On Black HIV/AIDS Awareness Day, we must remember the myriad ways the work to end the HIV epidemic overlaps with the work for LGBTQ justice and overlaps with the work to dismantle white supremacy. One of these overlaps is laws that criminalize HIV.
HIV criminalization is when a state criminalizes otherwise legal conduct or increases the penalties for illegal conduct based on a person’s HIV status. As of 2022, there are at least 35 states with HIV criminalization laws.
Each state’s laws vary. Some require the prosecution to prove the person intended to expose others to HIV, but in most states, simply not disclosing your HIV status is enough to convict. Apart from several state reforms over the last few years, no states require evidence of actual transmission or an intent to do harm.
Let’s look at the example of Robert Suttle, a Black man from Louisiana who was convicted under the state’s antiquated HIV criminalization laws.
Following a bad breakup, Suttle’s former partner reported him to the police, stating he was unaware of Suttle’s HIV status. Under Louisiana law, it is illegal to engage in sexual activity if you know your HIV status and do not disclose it. Suttle says he disclosed his status, but it was a case of he said, he said. At court, he took a plea deal to avoid trial and the possibility of the maximum sentence. As a result, he was charged with a felony and spent six months in prison.
After his release, Suttle was placed on the state’s sex offender registry, which places a mark on his driver’s license, and he was forced to publish a photo of himself in the newspaper.
Suttle’s story is a typical example of how HIV criminalization laws are used, and how they further criminalize marginalized and BIPOC communities.
States like Louisiana have laws that are outdated, based on obsolete science and misconceptions of HIV. Many of the HIV criminalization laws were drafted in the late 1980’s at the onset of the HIV epidemic and were driven by public fear when very little was known. In some states, spitting or biting — which has little possibility of transmission — are criminalized. In other states, safe sex practices (such as condom use) are irrelevant and cannot be used as defenses.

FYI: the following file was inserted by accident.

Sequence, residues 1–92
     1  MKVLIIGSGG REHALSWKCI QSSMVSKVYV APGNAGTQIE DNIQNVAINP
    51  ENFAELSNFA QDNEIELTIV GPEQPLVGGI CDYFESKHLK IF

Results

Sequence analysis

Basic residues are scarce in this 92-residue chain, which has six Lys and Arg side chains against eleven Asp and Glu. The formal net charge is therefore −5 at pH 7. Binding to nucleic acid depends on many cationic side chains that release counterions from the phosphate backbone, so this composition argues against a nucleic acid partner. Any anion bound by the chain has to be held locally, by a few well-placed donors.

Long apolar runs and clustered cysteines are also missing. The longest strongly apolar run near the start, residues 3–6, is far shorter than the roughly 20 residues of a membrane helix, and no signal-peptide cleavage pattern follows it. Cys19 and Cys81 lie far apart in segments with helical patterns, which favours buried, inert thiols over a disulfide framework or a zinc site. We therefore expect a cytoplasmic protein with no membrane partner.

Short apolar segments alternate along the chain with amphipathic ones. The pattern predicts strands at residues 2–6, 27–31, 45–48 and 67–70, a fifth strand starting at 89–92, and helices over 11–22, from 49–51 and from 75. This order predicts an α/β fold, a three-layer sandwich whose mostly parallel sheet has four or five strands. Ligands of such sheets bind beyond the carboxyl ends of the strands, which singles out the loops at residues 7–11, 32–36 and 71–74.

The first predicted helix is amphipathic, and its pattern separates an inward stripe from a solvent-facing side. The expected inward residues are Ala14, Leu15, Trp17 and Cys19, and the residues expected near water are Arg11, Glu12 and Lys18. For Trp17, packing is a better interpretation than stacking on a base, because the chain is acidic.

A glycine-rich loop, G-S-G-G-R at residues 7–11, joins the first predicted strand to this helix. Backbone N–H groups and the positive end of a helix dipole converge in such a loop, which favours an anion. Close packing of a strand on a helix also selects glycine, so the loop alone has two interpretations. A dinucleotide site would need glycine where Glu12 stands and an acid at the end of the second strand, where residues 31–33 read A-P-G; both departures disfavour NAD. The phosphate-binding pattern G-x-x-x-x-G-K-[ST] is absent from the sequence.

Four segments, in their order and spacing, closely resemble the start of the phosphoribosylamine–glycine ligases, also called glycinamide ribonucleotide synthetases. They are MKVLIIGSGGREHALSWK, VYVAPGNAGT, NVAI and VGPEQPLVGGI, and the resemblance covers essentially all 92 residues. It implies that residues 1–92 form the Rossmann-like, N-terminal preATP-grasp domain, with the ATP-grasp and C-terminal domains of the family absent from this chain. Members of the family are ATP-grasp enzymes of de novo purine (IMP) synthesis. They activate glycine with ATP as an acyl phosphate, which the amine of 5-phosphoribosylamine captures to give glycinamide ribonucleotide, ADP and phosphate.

Most laws also do not take into account the fact that undetectable equals untransmittable. Once someone reaches a point in their treatment where the amount of the virus in their body is so low that it doesn’t show up on blood tests, they are said to have reached an undetectable viral load. A person with an undetectable viral load cannot pass the virus along to anyone.
Science has progressed by leaps and bounds, making treatment of STIs more manageable and HIV no longer a death sentence. The science has moved forward, it’s time for the law to follow suit.
What’s more, these laws are a barrier to preventing the spread of HIV. HIV criminal laws stigmatize HIV, discourage individuals from knowing their status and accessing medical treatment. That’s why almost all major public health organizations — including the American Medical Association, the Centers for Disease Control and Prevention, and the Presidential Advisory Council on HIV/AIDS — all urge a public health approach over criminalization.
New York is one state poised to update its archaic HIV laws, a law that was first written in 1909 to prevent the spread of “venereal diseases” among members of the military.
With the onslaught of World War II, combatting sexually transmitted infections (STIs) became a national priority as their treatment took soldiers out of commission for months. In 1943, the New York legislature increased the penalty to a felony. In 1946 the law was rewritten again making it applicable to the general public and a misdemeanor. It remains unchanged 76 years later.
The New York state law does not make sense in the age of modern medicine.
Pending before the New York state legislature is the REPEAL STI Discrimination Act. The act will repeal the state law that criminalizes STIs and provides for the expungement of past convictions. It also creates a defense so that having an STI does not mean potential criminal charges when engaging in consensual sex.
The New York legislature should pass the REPEAL STI Discrimination Act, and other states should quickly follow suit, because we are all only as safe as the members of our community most at risk and for HIV.
Public health advocates have long known that the best way to promote everyone’s health is an approach that treats people as individuals who need care rather than vectors for disease or criminals to be punished. Decreasing stigma and increasing access to testing, treatment and support are the best ways to combat disease.
On this Black HIV/AIDS Awareness Day, let us stand in solidarity and work to repeal all HIV criminalization laws.
Jose Abrigo is Lambda Legal’s HIV Project Director and Carl Baloney Jr. is AIDS United’s vice president and chief advocacy officer.
This content was originally published here.